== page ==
Over the last twelve or so days, I have noticed an interesting phenomenon that comes as a byproduct of only buying food at grocery stores: I don’t spend very much money right now. I’m like Scrooge McDuck, swimming in a big ‘ol pile of gold doubloons, or whatever that was that he swam in.
Total madness, right? Yeah, yeah. Not super surprising.
However, that’s not the end of the story. There is an aspect of not spending money all over town that I wasn’t fully expecting: I watch my bank account like a hawk. Or like Bravestarr who, as we all know, has the eyes of the hawk and the ears of the wolf.
Think about that for a second. Not only am I watching for crazy shit to happen, I am also listening for crazy shit to happen. In my bank account. You have to really strain your ears, but you can hear money being withdrawn: swift and nearly silent, like a ninja using a port-a-potty at a K.I.S.S. reunion concert.
Anyway, the point of my little walk down memory lane into crappy 80’s cartoons is this: I have never, ever, paid attention to my bank account before. I simply checked my balance occasionally, hoped like hell that all of that money was actually available, and then headed over to that kitschy little breakfast diner that serves omelets made from bald eagle eggs to wait in line for two hours. I didn’t really have to worry about money until the internet was around. I couldn’t have imagined actually having to balance a checkbook. I don’t know know how people lived before online banking.
I think the problem stemmed from one of two things: either there was way too much activity going on in my bank account to even consider keeping up with all those transactions, or I was too scared to deal with the repercussions of how much money I was spending. That’s all I can come up with to explain my lack of attention to detail: laziness or fear.
And why not? It’s scary as shit to think about blowing a grand on going out to eat. Think about all the things I could
be doing with that money! I could start getting out of debt! I could finally max out my 401(k)! I could donate more to charity or save up and plan a trip to New Zealand!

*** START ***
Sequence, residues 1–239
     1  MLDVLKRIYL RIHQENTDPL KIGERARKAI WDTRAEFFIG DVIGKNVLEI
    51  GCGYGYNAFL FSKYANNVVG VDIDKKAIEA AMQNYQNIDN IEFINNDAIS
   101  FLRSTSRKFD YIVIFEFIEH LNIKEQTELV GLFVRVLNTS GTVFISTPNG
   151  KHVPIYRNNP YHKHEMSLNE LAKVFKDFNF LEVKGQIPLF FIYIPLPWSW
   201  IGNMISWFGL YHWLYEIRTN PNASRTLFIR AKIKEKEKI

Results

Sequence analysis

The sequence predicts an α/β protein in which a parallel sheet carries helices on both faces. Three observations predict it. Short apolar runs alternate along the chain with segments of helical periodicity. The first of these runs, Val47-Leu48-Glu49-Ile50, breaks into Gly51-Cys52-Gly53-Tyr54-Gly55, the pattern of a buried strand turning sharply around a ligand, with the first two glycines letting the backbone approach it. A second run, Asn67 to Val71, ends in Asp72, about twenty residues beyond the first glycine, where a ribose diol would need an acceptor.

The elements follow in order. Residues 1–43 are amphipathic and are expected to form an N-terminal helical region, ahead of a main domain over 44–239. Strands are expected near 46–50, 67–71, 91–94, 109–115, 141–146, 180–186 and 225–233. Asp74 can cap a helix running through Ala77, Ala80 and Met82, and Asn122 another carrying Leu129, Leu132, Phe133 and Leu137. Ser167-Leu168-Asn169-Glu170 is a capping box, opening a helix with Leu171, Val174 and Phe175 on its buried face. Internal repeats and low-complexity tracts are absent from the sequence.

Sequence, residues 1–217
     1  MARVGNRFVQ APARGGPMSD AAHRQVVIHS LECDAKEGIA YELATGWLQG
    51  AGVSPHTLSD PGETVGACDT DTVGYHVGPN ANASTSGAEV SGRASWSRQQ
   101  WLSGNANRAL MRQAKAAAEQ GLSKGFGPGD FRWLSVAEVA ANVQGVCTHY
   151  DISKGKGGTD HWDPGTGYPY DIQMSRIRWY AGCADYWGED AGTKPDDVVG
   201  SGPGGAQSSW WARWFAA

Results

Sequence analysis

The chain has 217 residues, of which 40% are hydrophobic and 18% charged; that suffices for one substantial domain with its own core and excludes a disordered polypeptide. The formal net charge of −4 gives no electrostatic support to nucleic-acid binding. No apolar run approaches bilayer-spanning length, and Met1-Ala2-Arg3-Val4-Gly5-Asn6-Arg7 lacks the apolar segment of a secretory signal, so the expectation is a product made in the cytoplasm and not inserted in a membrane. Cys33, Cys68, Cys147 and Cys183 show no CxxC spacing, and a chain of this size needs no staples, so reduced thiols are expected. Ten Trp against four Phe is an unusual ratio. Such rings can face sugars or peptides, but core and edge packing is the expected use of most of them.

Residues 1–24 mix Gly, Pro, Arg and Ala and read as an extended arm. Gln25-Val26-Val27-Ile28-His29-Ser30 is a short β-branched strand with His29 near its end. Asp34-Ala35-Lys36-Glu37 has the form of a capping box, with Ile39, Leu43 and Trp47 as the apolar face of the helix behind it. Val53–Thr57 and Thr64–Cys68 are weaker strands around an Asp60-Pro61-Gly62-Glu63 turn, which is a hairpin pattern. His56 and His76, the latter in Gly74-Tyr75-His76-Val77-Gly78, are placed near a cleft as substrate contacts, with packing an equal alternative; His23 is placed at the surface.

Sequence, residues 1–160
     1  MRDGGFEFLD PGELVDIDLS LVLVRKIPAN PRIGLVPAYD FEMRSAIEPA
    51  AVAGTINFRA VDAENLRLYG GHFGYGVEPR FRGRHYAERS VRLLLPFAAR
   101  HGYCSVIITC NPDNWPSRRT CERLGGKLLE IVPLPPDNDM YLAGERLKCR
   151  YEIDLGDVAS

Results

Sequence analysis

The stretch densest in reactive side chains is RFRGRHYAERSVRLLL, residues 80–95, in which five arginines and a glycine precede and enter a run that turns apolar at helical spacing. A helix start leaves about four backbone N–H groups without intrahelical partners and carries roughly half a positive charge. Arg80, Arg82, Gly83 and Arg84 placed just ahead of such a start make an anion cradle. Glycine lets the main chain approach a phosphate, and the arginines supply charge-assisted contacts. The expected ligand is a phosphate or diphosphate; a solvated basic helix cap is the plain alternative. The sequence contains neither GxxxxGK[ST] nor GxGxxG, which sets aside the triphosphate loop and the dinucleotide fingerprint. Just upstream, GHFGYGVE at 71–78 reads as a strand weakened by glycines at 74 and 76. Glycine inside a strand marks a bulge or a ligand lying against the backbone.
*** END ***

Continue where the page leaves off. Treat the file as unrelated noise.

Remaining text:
No, nonono. There is waaay too much uncertainty in those things. Uncertainty is scary. You know what’s not scary?
Starbucks isn’t scary.
I can get exactly what I want, and I know it will be delicious and warm and there will be track lighting everywhere. I can go to any location I want, and it will always be exactly the same, and that is comforting.
I have been avoiding making my financial situation better because I am afraid of change. The idea of saving up cash to pay for a large-ticket item scares me. Americans don’t blow their cash on new beds, I tell myself. That’s what credit is for. I have a fancy degree in business administration, so know to call this principle leverage. I am leveraging my credit so I can use my cash for other things.
What other things, though?
Small ticket items, that’s what. I end up spending the same amount of money (double, if you actually consider debt as money spent) on hazelnut americanos and shitty sandwiches at Panera Bread that are so loaded with sodium and fat that I could safely walk through the Gobi desert.
I don’t really know where I’m going with this post, so I’ll just end it by saying this: I need to learn to live like my grandparents did. Mom and dad, I love you, but your generation kinda fucked everything up. Why waste cash on big ticket items when you could just tell someone you’d pay them back, and they would just give it to you? Debt is so cheap, you’d be stupid not to use it, right?
Well, from here on out, if using debt like it’s my own personal electronics budget is smart, I think I’d like to be the stupidest man in America for awhile.